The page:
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By Erin Hicks

Another reason to eat more chocolate: It could keep you from coughing, according to doctors at the British National Health Service who presented their research at the British Thoracic Society’s winter meeting in London last week.

In their study, about 300 people at 13 hospitals who had persistent coughs were given the chemical theobromine, which is derived from cocoa, twice a day for 14 days, according to the Daily Mail. Early results showed that 60 percent of patients experienced some cough relief from after taking the cocoa-based treatment.


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The dosage of theobromine used in the trial was 1,000 mg. Unsweetened dark chocolate has about 450 mg of theobromine per ounce, sweet dark chocolate has about 150 mg, and milk chocolate has about 60mg, according to the Daily Mail.

While a daily bar of dark chocolate may contain enough theobromine to have an effect on a chronic cough, researcher said, cough symptoms returned in patients who were treated in the study once theobromine treatment ended.

Another study, done at the National Heart and Lung Institute in London, showed that theobromine can block the action of the sensory nerves, which halts the cough reflex. That study found theobromine to be more effective than codeine, which is widely used to treat chronic cough.

Researchers warned, however, that just because chocolate might have a clinical application doesn’t exempt it from unwanted side effects.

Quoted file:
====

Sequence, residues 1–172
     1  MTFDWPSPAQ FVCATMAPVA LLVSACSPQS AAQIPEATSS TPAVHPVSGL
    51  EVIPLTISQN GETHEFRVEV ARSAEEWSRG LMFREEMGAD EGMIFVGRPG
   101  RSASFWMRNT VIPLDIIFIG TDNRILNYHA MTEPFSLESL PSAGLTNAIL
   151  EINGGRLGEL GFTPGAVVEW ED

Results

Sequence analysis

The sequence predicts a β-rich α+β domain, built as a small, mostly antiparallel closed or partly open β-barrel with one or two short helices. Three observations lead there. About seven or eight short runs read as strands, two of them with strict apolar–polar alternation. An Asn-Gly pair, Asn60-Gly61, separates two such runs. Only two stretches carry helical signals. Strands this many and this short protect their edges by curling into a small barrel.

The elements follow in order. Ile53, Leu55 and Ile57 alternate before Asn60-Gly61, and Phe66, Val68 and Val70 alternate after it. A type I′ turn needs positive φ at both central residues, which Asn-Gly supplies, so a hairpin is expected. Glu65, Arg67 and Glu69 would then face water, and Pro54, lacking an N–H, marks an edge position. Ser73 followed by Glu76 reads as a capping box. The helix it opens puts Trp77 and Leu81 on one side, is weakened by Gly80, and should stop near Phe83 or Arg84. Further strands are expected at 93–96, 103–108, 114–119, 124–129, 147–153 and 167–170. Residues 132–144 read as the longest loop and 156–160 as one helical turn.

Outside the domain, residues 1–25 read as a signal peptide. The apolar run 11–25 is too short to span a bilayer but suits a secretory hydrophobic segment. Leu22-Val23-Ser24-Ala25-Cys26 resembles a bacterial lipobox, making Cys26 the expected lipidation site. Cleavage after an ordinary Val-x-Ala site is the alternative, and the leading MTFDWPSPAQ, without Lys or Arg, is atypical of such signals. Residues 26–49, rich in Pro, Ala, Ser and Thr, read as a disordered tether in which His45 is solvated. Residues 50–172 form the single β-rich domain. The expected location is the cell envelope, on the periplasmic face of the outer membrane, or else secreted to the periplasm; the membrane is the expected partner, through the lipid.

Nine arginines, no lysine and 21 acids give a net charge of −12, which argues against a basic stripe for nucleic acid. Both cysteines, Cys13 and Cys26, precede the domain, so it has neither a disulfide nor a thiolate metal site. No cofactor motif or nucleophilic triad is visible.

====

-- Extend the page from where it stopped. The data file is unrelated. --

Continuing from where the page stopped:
“Eating a bar of dark chocolate a day which has high levels of the compound may also be effective for people with diagnosed persistent cough, although eating chocolate on a daily basis may have other unwanted effects, including weight gain and so on,” said study leader Alyn Morice, MD, head of the Hull Cough Clinic in Britain, in the Daily Mail.

"Chocolate: A Cure For The Common Cough?" originally appeared on Everyday Health.

Also on HuffPost:

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  • Chocolate Decreases Stroke Risk

    A 2011 Swedish study found that women who ate more than 45 grams of chocolate a week had a <a href="http://www.huffingtonpost.com/2011/10/11/chocolate-stroke-prevention_n_1004426.html" target="_hplink">20 percent lower risk of stroke</a> than women who treated themselves to fewer than 9 grams of the sweet stuff.

  • Chocolate Boosts Heart Health

    Regular chocolate eaters welcome a host of benefits for their hearts, including <a href="http://jama.ama-assn.org/cgi/content/full/298/1/49" target="_hplink">lower blood pressure</a>, <a href="http://www.sciencedaily.com/releases/2001/10/011024073452.htm" target="_hplink">lower "bad" LDL cholesterol</a> and a <a href="http://www.bmj.com/content/343/bmj.d4488" target="_hplink">lower risk of heart disease</a>. One of the reasons dark chocolate is especially heart-healthy is its inflammation-fighting properties, which <a href="http://www.livescience.com/2886-chocolate-helps-heart-stay-healthy.html" target="_hplink">reduce cardiovascular risk</a>. <em>Flickr photo by <a href="http://www.flickr.com/photos/chocolatereviews/4295028171/" target="_hplink">Lee McCoy</a></em>

  • Chocolate Fills You Up

    Because it's rich in fiber, dark chocolate can actually help keep you full, so you'll eat less, Dr. David Katz, founding director of Yale University's Prevention Research Center and HuffPost blogger <a href="http://www.huffingtonpost.com/2012/03/26/chocolate-eating-lower-bmi-body-mass-index_n_1379368.html" target="_hplink">told The Huffington Post</a>. Regular chocolate eaters might do themselves a favor by treating themselves to a bite instead of snacking on "11 other things first" he said. Dark chocolate does the trick much better than milk, according to a small study from the University of Copenhagen, and <a href="http://www.sciencedaily.com/releases/2008/12/081210091039.htm" target="_hplink">may even reduce cravings</a> for sweet, salty and fatty foods. <em>Flickr photo by <a href="http://www.flickr.com/photos/veganfeast/4216679799/" target="_hplink">Vegan Feast Catering</a></em>